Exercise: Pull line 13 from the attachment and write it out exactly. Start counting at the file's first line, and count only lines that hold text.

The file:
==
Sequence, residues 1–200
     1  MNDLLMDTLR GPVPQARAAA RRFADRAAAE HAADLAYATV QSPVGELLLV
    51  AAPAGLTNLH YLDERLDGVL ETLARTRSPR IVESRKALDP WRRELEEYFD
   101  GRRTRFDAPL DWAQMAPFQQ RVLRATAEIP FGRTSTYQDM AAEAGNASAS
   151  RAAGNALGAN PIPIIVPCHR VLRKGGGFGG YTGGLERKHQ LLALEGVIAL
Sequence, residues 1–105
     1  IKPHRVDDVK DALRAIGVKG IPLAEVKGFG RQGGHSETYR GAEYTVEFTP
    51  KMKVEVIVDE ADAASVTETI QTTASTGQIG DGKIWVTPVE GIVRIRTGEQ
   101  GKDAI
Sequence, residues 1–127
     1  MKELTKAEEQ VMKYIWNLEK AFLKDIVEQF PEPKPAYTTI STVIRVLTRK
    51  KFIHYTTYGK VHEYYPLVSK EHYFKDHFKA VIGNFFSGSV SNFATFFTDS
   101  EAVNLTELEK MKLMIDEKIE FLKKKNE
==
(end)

   101  EAVNLTELEK MKLMIDEKIE FLKKKNE